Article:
NAB Day 1: Smooth Streaming released, Partners, 1080p in SL3, new VC-1
- Posted: Apr 20, 2009 at 7:05 PM
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Which is a huge swath of the professional compression tools market.
DRM service provider support
And we've had a bunch of support for Silverlight DRM powered by PlayReady from DRM service providers. Since Silverlight encryption is applied during content creation, not during content distribution, using DRM has no real impact on the server side; access to a DRM license server to provide licenses to the Silverlight client is the only big difference from a service perspective.
I haven't had a chance to drop by everyone's booth yet, but will be highlighting some of their demos and cool announcements throughout the week when I find out which of the many projects we've been collaborating on are public now.
Silverlight 3: we're 1080p24
So, we had that whole HD on the web discussion a few weeks ago which spun out into many threads on different forums. A few die-hards said that only 720p60 and 1080p24 should count as full HD, based on the original ATSC definition.
It'll keep on being discussed, but that won't keep anyone from calling Silverlight HD, because we've now got 1080p24 working in Silverlight 3. This represents a huge amount of media playback tuning and testing by the Silverlight team, and it's really paid off. Much of the improvements have been since the public Silverlight 3 beta, so those not at NAB will have to take my word for it for the moment, but we're showing off:
And it is glorious.
On the same system we're also showing off H.264 720p24 2.5 Mbps with similarly smooth playback.
While those specs are obviously beyond what many home PCs can do due to screen size or network speed, with Smooth Streaming we can offer that as the highest-end experience while offering further bitrate bands as low as required.
And of course, optimization that enables 1080p on the high end makes 480p work on lower-end machines than Silverlight 2 could support, due to both media pipeline improvemetnts and offloading scaling and compositing to the GPU. The gains on single-core machines are particularly notable; we've got a quite nice Smooth Streaming experience even on NetBooks now.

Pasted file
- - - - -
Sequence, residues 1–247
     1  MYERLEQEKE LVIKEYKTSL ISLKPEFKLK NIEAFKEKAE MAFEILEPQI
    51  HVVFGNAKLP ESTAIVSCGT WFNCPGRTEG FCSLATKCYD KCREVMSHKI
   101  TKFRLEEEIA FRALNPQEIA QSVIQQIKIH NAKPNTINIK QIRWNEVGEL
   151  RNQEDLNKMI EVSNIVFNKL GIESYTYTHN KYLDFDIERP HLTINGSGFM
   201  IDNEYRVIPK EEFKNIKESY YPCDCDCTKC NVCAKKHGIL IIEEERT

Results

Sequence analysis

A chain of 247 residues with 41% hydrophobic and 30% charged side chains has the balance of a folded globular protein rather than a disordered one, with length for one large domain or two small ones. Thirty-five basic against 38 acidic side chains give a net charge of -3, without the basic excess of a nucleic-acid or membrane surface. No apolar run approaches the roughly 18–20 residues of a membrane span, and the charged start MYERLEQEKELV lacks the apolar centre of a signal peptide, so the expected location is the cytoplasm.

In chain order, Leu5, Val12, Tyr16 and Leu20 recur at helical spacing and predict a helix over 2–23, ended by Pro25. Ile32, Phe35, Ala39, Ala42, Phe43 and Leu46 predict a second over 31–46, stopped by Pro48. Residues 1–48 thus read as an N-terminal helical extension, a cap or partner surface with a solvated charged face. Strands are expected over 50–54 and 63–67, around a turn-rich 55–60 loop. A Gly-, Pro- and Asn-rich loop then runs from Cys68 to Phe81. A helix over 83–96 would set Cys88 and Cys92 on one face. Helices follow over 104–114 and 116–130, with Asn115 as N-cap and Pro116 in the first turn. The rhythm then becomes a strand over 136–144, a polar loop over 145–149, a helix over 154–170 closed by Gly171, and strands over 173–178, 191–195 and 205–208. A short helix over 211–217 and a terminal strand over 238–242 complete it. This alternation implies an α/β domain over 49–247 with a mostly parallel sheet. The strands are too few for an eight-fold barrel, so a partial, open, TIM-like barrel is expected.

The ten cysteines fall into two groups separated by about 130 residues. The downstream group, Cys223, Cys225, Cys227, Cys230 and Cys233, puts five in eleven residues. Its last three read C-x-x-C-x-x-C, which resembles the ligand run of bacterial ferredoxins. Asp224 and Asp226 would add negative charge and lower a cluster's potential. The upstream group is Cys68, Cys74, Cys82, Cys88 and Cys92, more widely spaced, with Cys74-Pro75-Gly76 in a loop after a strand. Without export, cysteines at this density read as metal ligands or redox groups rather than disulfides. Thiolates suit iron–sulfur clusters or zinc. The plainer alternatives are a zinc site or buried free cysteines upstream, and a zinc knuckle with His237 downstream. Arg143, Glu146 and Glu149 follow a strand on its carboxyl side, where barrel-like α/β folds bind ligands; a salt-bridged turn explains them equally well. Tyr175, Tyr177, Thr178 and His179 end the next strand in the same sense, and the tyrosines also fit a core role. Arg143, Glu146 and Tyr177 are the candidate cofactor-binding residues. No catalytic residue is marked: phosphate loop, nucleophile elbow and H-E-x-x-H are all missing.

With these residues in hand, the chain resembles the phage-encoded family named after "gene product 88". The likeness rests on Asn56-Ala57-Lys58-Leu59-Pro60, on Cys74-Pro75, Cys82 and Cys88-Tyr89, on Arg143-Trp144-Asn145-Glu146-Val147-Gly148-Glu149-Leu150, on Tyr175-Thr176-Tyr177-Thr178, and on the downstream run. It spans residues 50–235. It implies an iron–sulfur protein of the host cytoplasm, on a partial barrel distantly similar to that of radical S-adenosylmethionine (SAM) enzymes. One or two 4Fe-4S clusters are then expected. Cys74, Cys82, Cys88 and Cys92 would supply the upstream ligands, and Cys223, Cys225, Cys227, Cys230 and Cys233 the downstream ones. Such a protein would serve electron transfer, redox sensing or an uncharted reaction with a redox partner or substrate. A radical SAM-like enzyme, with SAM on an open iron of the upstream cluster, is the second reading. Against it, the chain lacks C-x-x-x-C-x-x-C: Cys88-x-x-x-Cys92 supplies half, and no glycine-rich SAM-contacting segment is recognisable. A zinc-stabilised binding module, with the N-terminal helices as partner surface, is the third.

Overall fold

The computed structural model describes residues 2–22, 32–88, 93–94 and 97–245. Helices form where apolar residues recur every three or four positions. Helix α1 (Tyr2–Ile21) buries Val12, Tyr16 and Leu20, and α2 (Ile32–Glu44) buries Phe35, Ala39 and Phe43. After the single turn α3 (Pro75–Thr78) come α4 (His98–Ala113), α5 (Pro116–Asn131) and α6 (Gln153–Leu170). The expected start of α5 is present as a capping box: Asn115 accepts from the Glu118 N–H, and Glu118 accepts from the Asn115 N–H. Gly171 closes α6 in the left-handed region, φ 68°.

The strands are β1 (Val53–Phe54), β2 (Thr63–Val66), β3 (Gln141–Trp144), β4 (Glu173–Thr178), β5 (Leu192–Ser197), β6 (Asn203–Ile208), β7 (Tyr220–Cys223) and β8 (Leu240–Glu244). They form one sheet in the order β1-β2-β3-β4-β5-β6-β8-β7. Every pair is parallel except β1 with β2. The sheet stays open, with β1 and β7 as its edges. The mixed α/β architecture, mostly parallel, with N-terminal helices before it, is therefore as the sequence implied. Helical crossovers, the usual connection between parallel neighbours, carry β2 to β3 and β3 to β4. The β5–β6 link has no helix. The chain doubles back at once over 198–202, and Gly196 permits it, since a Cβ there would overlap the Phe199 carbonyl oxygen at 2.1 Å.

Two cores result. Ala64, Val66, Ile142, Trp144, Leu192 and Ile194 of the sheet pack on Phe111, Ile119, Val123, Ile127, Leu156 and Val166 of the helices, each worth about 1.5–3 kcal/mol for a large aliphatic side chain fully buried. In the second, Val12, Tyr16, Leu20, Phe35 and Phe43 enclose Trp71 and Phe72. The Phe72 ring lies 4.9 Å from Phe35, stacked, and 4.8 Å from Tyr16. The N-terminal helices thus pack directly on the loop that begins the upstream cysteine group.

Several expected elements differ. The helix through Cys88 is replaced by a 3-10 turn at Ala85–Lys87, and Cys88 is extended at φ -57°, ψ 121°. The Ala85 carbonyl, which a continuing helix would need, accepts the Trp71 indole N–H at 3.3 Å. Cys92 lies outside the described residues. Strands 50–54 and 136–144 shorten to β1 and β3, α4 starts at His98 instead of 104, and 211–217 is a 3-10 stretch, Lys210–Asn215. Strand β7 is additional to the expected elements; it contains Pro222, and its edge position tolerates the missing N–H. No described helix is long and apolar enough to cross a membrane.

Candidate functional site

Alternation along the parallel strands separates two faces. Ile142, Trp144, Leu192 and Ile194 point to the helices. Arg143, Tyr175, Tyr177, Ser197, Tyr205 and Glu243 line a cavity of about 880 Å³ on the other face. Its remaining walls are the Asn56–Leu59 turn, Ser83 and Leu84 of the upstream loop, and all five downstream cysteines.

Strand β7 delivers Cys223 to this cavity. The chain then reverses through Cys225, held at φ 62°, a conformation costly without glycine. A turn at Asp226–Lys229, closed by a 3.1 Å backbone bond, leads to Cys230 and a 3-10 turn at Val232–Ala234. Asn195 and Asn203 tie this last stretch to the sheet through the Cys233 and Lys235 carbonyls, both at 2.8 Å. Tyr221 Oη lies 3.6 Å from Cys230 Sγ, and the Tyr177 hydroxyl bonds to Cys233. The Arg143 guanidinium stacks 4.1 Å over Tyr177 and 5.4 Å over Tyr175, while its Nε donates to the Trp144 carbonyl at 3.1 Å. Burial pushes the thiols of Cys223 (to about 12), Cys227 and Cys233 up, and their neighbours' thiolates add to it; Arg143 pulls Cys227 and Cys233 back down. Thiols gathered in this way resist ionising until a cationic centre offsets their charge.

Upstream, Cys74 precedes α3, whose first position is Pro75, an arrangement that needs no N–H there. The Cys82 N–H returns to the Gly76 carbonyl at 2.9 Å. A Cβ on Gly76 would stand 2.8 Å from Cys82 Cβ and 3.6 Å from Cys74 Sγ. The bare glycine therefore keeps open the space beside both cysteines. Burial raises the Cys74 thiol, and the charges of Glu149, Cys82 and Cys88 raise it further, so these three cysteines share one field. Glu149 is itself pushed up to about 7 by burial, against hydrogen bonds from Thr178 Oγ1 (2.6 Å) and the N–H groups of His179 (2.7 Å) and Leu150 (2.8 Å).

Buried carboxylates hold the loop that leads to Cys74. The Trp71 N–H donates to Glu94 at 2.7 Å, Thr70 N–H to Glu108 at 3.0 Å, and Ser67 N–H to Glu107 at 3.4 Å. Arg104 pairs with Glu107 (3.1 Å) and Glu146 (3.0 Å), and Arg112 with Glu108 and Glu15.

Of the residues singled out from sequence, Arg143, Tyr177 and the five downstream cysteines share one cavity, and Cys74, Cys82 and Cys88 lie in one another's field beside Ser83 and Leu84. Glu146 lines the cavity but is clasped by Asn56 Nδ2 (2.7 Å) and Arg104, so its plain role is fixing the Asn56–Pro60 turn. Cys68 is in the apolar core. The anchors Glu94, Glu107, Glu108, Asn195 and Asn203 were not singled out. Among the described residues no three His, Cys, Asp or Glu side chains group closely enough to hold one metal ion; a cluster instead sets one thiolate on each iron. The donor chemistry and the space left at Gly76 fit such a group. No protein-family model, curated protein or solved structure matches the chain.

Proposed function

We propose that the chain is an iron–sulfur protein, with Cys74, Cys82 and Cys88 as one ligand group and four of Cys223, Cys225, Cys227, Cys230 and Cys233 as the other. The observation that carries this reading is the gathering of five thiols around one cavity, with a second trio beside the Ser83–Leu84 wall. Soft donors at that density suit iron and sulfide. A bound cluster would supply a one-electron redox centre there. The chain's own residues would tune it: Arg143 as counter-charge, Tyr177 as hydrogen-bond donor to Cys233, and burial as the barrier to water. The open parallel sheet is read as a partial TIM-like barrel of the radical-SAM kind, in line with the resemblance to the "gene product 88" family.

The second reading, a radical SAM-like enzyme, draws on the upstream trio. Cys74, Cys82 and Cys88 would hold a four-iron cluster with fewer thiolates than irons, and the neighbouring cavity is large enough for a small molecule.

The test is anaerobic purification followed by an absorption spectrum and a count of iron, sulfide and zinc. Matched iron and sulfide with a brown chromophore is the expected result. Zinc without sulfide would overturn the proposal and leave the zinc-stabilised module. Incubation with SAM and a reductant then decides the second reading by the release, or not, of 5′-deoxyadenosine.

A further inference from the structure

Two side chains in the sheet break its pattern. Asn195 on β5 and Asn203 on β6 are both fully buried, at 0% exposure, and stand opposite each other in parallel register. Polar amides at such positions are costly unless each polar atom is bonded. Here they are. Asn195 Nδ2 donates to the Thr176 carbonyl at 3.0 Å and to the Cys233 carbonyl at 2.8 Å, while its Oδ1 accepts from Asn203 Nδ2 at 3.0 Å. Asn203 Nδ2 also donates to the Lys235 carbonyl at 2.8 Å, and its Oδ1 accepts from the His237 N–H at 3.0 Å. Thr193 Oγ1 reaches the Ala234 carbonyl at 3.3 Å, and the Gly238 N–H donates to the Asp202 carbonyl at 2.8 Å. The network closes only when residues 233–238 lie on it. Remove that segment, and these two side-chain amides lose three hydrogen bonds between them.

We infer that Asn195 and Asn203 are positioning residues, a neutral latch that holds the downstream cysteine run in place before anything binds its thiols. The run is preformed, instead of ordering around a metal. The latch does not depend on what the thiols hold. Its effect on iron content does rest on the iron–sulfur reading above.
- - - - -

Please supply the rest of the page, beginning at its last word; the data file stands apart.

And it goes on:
The public release of Silverlight 3 will be later this year.
New Smooth-Streaming VC-1 implementation
We're working with the encoder tool vendors to integrate a new VC-1 implementation that's specifically tuned for Smooth Streaming. You may recall Expression Encoder's Smooth Streaming mode uses the VC-1 Encoder SDK in 1-pass CBR mode with a fixed GOP size. While that certainly can produce good video that's Smooth Streaming compliant, in the end that's really the kind of settings used for live broadcasting. With on-demand content, we can do an analysis pass to figure out a variety of better ways to optimize the bitrate. In particular, we can dramatically reduce the incidence of frames compressed to the point where visible blocky artifacts appear.
What it does are awesome in so many ways that it makes my compression nerd soul twinkle with delight. But those details will have to wait for a long and Excel-chart laden blog post of its own.
In the interim, let me offer you a sample encoded in a not-quite-final version of what we're doing here. This is our favorite Big Buck Bunny content, encoded to these specs
This is what the top end Smooth Streaming bitrate can look like once Silverlight 3 is released later this year. And as mentioned above, we're now doing 6 Mbps on a Core 2 Duo, we've got some further headroom for more challenging content.
Here's the file (hosted by Silverlight Streaming):
Remember, Windows Media Player can Save As progressive download content without DRM if you want to make a local copy.
If you're here at NAB, Inlet is showing off the new VC-1 implementation as implemented in their Armada product, with a bunch of other output samples. Check it out.